“This usually telescopes into an inquiry concerning the state’s resources to meet its constitutional obligations.
“The central issue in this appeal is whether that obligation extends to making temporary emergency accommodation available at a special location.”
She said the City said the High Court order offended the doctrine of the separation of powers, its effect was over broad, and the court could not dictate in which location a particular housing programme was to be implemented.
The occupiers, on the other hand, said the order was appropriate. They faulted the City for providing temporary emergency accommodation only outside the city.
“The City contends that the High Court did not take into account its entire housing programme and treated the emergency housing programme in isolation,” Judge Mabindla-Boqwana said.
“It submits it has an Integrated Human Settlements Framework which is aligned to legislation and policies including the Housing Act and the Housing Code. It also has a five-year plan with a number of housing programmes, including emergency housing projects and temporary relocation areas.
“It concedes it has no emergency housing developments in the immediate city centre and surrounds, the reasons for this being complex including the excessively high costs of developing such settlements – triple of what it would be in areas further afield – the very high rates on those properties, the scarcity of land and competing demands for the land.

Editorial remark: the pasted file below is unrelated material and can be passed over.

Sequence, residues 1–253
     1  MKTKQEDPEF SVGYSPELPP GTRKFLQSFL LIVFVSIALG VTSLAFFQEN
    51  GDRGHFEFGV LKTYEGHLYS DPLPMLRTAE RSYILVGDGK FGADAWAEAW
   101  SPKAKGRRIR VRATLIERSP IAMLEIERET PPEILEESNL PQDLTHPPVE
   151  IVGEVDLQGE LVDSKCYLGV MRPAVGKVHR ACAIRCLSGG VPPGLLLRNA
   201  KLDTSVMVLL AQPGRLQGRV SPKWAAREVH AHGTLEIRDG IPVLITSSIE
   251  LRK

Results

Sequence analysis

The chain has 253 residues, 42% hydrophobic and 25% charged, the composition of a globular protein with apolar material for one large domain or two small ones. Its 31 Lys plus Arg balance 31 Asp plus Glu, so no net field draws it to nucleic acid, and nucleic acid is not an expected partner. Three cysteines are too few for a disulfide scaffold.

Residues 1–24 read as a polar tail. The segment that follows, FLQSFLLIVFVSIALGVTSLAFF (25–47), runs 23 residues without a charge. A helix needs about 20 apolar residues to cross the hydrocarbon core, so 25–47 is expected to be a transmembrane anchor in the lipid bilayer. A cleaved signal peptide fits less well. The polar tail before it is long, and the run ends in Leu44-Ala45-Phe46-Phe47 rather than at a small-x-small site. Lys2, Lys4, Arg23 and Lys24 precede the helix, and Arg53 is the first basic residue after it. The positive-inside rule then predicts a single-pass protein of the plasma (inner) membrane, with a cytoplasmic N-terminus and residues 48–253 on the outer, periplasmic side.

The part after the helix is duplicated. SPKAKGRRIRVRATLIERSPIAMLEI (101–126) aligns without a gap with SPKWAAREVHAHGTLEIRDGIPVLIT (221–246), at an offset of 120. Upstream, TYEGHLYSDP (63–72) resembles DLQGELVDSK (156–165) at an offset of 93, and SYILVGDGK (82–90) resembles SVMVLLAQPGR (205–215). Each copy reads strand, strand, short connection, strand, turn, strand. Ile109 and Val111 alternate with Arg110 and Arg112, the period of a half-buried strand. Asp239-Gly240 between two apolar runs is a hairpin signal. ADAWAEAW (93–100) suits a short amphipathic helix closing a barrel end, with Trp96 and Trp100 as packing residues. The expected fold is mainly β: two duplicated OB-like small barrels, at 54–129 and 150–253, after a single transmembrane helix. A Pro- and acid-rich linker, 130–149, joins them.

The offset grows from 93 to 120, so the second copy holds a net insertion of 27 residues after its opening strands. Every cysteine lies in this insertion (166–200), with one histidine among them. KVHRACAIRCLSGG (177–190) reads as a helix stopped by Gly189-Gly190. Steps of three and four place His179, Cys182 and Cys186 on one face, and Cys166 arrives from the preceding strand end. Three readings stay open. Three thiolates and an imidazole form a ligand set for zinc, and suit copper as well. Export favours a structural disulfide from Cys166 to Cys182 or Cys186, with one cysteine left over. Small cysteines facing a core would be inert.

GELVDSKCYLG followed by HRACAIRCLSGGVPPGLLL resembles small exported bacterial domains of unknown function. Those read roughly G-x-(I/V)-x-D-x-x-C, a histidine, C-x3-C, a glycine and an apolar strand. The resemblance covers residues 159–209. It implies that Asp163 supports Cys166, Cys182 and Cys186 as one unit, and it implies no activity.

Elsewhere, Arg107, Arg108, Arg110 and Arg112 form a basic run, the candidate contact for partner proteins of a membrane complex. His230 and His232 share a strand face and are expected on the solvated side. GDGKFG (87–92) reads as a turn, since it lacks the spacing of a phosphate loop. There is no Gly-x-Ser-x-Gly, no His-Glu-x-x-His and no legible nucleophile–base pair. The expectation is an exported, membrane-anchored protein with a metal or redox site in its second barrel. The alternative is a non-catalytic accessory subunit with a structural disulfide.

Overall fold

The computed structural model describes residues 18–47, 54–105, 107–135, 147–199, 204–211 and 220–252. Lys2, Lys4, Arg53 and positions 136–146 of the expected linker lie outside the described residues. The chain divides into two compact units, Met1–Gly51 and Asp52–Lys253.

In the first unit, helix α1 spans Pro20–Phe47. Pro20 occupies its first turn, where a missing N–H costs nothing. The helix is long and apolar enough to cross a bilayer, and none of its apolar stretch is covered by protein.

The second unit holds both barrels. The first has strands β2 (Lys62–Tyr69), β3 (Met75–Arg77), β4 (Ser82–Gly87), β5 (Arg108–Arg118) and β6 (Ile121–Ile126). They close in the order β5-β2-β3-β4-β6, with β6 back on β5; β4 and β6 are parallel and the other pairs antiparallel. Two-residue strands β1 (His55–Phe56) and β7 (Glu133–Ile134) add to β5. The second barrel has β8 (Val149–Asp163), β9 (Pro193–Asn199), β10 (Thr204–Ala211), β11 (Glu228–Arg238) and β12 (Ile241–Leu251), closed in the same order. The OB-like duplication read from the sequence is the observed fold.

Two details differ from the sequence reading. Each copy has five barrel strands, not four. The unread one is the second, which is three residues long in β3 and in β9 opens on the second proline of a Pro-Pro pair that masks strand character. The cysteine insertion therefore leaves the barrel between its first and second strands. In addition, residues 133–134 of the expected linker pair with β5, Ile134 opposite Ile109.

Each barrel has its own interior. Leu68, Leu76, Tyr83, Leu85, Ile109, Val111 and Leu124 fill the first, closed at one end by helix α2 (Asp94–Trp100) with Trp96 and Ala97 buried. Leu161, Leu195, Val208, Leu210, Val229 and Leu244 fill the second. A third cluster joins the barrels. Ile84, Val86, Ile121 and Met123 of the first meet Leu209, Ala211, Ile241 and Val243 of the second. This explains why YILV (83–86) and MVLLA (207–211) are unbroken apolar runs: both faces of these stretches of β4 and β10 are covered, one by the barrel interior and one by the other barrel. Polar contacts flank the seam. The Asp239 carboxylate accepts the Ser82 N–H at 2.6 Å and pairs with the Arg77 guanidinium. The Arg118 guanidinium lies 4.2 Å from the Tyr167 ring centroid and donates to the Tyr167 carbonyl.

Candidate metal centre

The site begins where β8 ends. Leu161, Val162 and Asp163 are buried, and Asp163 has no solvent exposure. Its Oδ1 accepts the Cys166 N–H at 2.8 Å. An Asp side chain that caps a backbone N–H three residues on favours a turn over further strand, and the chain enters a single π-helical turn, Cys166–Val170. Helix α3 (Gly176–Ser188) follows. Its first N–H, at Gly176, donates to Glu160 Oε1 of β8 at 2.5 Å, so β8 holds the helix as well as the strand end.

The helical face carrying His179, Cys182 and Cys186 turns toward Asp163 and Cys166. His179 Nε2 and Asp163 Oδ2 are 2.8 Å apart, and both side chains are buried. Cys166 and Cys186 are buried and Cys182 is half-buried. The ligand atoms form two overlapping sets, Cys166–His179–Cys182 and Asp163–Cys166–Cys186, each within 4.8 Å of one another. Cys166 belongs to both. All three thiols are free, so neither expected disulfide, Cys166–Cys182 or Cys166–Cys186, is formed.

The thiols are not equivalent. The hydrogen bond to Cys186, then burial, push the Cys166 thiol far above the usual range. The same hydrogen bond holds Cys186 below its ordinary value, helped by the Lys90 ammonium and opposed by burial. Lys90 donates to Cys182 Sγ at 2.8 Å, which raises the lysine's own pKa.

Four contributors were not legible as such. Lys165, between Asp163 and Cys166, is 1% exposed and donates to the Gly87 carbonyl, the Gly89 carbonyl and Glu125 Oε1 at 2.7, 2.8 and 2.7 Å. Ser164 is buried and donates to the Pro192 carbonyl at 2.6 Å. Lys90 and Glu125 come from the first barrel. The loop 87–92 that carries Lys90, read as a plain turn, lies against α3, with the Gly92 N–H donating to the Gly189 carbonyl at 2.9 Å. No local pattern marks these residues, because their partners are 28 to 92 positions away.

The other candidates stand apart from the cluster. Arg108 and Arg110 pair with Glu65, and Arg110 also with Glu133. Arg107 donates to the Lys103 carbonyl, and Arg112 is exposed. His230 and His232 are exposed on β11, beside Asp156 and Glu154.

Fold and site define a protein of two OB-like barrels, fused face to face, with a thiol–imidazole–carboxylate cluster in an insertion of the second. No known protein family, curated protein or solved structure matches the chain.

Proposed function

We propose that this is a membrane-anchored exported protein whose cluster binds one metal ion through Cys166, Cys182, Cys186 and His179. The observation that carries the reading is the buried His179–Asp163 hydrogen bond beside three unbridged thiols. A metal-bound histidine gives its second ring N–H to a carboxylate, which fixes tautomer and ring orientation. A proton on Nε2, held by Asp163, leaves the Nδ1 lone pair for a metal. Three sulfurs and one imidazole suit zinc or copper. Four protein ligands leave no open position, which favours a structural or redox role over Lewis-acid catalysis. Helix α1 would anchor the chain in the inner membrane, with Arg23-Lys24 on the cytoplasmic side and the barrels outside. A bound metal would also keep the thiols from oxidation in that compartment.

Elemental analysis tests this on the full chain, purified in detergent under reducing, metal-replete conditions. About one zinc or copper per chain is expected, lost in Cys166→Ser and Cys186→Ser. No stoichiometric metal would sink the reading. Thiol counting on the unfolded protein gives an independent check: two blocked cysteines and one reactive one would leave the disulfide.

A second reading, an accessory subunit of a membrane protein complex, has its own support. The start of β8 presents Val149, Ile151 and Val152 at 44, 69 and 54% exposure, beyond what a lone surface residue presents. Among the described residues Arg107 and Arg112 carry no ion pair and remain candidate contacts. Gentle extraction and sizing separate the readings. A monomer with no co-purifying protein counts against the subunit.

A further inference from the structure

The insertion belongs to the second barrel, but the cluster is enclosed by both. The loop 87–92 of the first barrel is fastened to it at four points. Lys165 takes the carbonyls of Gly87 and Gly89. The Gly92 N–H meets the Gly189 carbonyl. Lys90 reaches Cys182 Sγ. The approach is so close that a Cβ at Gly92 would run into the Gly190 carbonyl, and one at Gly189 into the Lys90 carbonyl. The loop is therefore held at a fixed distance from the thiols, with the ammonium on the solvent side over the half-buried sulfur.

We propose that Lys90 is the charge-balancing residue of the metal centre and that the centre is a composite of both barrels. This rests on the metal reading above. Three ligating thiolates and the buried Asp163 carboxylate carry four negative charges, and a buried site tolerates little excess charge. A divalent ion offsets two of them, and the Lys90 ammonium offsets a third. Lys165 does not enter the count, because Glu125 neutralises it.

“It submits however, that there are areas such as Woodstock which are targeted for affordable inner-city social housing and there are a range of projects envisaged for those areas,” the judge said.
She said the order of constitutional invalidity had not been substantiated on the papers before the High Court and there was no constitutional duty on the City to provide temporary emergency accommodation at a specific location.
“The fact that no provision is made for emergency housing needs in the inner city, does not render the choices by the City irrational or unreasonable.
“Those choices are not for the court to make.”
Mabindla-Boqwana said, however, that the court had to make a just and equitable order so as not to render the occupiers homeless.
“The City still bears a duty to provide the occupiers with suitable temporary emergency accommodation. It is appropriate that an order be made that such accommodation be at a location as near as possible to the area where they now live.”
The judge said the City had indicated that the offer of moving to Kampies in Philippi still stood.
“The suitability of that is not an issue squarely before us. It is, however, imperative for the City to realise that it has the responsibility of ensuring the occupiers are treated with dignity and care … and should take into account where they work and where their children go to school,” the judge said.
The court upheld the appeal and extended the eviction date to the end of June this year.
There was no order as to costs.